Toronto Public Health
The goal of the Health Professionals website is to provide you with timely, accurate, and relevant local public health information. Resources are primarily targeted at physicians and infection control practitioners practising in Toronto.
Measles Outbreak Declared Over
As of March 23, 2015, Toronto Public Health declared the measles outbreak over in Toronto.
Vaccination is the best defence against measles infection. Please ensure you, your staff and your patients are up-to-date for MMR.
News and Announcements
Toronto Public Health is investigating a symptomatic food handler with confirmed hepatitis A infection. Physicians should be alert for patients presenting with signs and symptoms consistent with hepatitis A.
- The source of the infection is travel related
- The food handler prepared fresh fruit and vegetable juices at the Big Carrot Organic Juice Bar located at 348 Danforth Avenue in Toronto between March 17 and April 2, 2015
- The case's onset of symptoms was April 1, 2015. Patrons and food handling staff who attended the juice bar March 17 to April 2, 2015 were offered vaccine against Hepatitis A
Vaccination, Transmission and Symptoms:
- The hepatitis A vaccine is most effective when received within 14 days of exposure
- This virus is usually transmitted from person-to-person by the fecal-oral route
- Symptoms can begin 15-50 days after becoming infected. It is also possible to be infected and not have any symptoms. For symptomatic individuals, the severity of symptoms can range from mild to severe
- Common symptoms of hepatitis A include:
- Loss of appetite
- Dark urine
- Stomach pains
- Jaundice (yellowing of the skin)
Immediately report to Public Health any suspect or confirmed cases of Hepatitis A to TPH's surveillance unit at 416-392-7411 during work hours (8:30am to 4:30pm, Monday to Friday) or at 3-1-1 after hours.
Rising gonorrhea infection rates, in addition to increasing antimicrobial resistance, continue to be of great concern; treatment failures have been reported in several jurisdictions across Ontario, associated with the use of oral cefixime.
Site specific testing of all sexually active individuals is critical in diagnosing gonorrhea infection.
Health care providers in Ontario are encouraged to follow Public Health Ontario's Guidelines for Testing and Treatment of Gonorrhea in Ontario (2013).
To reflect the countries with local transmission of the virus, the MOHLTC has updated the list of countries affected by the Middle East respiratory syndrome coronavirus (MERS-CoV) on its Guidance for Health Care Workers and Health Sector Employers on Middle East respiratory syndrome coronavirus (MERS-CoV) website.
Do you know an individual and/or organization that have made outstanding contributions to protecting and promoting the health of Toronto’s residents? Nominate them for the Public Health Champion Award before April 30, 2015.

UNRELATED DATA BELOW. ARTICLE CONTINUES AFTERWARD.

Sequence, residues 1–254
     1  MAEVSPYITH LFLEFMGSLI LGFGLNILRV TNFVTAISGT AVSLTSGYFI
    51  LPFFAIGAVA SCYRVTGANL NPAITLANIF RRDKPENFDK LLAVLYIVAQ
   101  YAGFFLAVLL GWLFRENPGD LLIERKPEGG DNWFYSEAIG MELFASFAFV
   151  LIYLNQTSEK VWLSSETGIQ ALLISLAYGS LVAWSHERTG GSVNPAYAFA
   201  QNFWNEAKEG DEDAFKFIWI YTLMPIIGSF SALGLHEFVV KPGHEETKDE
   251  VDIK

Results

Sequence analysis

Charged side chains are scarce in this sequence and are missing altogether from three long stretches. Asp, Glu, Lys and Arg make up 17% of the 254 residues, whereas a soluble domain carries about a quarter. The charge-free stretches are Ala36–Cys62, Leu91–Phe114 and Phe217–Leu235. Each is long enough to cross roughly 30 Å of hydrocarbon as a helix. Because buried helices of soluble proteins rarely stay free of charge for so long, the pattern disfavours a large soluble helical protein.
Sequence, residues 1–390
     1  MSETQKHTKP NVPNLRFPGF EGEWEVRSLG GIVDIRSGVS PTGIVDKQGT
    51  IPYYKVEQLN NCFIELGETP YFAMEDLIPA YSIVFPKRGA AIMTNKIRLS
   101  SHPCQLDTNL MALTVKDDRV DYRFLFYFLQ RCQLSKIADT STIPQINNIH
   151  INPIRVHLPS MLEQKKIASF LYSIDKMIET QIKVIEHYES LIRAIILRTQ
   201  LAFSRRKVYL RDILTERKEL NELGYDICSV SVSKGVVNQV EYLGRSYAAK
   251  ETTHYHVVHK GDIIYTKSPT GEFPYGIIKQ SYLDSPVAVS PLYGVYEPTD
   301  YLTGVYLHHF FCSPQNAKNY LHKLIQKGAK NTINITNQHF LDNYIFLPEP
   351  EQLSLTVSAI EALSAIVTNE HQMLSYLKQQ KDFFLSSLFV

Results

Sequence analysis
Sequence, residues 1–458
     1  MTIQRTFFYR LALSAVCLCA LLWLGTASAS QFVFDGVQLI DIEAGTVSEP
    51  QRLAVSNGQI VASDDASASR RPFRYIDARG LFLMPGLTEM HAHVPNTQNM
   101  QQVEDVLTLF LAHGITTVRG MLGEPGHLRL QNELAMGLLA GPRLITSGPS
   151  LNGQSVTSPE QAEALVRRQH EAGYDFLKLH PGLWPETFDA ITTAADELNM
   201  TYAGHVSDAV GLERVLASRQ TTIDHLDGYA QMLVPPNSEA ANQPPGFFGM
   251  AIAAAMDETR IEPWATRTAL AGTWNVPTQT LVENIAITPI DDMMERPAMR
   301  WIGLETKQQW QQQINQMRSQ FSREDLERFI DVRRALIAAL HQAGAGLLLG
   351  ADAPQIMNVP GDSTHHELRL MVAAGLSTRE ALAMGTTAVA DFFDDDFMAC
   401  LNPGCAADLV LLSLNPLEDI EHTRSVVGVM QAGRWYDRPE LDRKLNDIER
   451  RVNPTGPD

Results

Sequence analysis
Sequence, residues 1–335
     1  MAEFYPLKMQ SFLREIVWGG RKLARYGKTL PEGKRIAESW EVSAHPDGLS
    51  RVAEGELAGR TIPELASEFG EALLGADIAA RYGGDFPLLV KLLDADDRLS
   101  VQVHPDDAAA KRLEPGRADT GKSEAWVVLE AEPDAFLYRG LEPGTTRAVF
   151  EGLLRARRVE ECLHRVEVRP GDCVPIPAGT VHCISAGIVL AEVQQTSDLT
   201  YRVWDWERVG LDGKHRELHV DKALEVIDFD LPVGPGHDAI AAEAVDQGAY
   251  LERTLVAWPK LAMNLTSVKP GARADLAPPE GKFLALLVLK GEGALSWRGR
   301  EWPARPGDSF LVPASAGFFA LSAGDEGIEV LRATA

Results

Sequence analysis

Toronto is currently experiencing a high number of influenza A(H3N2) cases. In addition, a mismatch to the vaccine influenza A/Texas/50/2012 strain has been identified by the United States Centres for Disease Control and Prevention (CDC). To date in Canada, strain characterization suggests a drift.
Recommendations for Health Care Providers:
- Continue to offer the influenza vaccine.
- Be prepared for an increased demand for health care services and outbreaks.
- Follow the AMMI Canada treatment guidelines: The use of antiviral drugs for influenza: A foundation document for practitioners.
- Offer antiviral prophylaxis to all staff on outbreak-affected units, regardless of their influenza immunization status, during influenza A outbreaks in long-term care homes and hospitals.
- Monitor influenza activity in Toronto.
- When caring for people with influenza or influenza-like illness, follow Provincial Infectious Diseases Advisory Committee's Routine Practices and Additional Precautions in all Health Care Settings
- Advise patients of infection prevention and control measures.
Clinicians should be reminded that although the risk is extremely low Ebola virus disease (EVD) should be considered in the differential diagnosis of febrile persons who have returned from endemic regions or specific local areas of Ebola-affected countries as identified by the Public Health Agency of Canada.
For the most up to date information on infection prevention and control, lab testing and initial assessment and management of the returning traveller visit the PHO EVD webpage.
Toronto Public Health (TPH) has set up an Ebola Information Line for Health Care Professionals at 416-392-5311. The line is staffed during regular business hours Monday - Friday, 8:30 am to 4:30 pm. After hours, please call 311 and your call will be redirected to the After-hours Manager.
- Publicly Funded Immunization Schedules for Ontario
- Bed Bugs
- Breastfeeding E-Learning Modules
- Cancer Prevention and Screening
- Enteric Outbreak Management
- Grade 7 & 8 Immunization and Vaccines
- Harm Reduction Services
- Rabies and Animal Bites/Exposures
- Respiratory Outbreak Management
- Vaccine Storage and Handling